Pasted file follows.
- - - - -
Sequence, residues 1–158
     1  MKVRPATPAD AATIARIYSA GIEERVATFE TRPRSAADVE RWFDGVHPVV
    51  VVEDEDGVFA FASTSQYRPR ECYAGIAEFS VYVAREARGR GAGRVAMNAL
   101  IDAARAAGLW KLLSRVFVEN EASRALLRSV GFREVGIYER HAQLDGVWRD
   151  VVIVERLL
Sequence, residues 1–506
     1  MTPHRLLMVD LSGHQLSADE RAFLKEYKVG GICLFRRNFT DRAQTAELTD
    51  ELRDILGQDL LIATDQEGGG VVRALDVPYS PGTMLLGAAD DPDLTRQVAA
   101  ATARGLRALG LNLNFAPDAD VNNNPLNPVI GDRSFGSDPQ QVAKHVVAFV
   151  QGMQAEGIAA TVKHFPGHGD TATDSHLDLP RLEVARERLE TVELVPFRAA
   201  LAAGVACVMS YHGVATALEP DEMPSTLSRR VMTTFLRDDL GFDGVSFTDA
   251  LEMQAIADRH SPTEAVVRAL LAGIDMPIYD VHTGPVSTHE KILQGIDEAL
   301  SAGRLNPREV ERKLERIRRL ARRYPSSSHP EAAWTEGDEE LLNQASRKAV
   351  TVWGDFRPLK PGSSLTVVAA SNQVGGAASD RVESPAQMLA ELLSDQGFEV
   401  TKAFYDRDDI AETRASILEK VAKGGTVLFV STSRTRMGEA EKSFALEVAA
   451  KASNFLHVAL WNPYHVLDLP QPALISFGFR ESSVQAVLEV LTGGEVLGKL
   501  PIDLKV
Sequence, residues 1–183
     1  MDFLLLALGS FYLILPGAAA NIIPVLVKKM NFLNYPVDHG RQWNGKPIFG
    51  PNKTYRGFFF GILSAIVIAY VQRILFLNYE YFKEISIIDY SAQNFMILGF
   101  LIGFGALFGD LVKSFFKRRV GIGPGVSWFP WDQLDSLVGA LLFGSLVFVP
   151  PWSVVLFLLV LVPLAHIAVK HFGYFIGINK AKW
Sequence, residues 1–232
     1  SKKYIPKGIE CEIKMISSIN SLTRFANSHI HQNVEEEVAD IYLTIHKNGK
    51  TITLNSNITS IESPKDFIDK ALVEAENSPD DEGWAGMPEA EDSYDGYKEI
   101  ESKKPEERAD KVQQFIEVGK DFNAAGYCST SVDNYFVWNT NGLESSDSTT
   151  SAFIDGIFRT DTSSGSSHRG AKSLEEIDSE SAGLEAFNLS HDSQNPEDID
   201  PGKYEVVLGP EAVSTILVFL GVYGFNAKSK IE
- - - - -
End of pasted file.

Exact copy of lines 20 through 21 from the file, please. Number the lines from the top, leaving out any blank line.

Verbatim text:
    51  PNKTYRGFFF GILSAIVIAY VQRILFLNYE YFKEISIIDY SAQNFMILGF
   101  LIGFGALFGD LVKSFFKRRV GIGPGVSWFP WDQLDSLVGA LLFGSLVFVP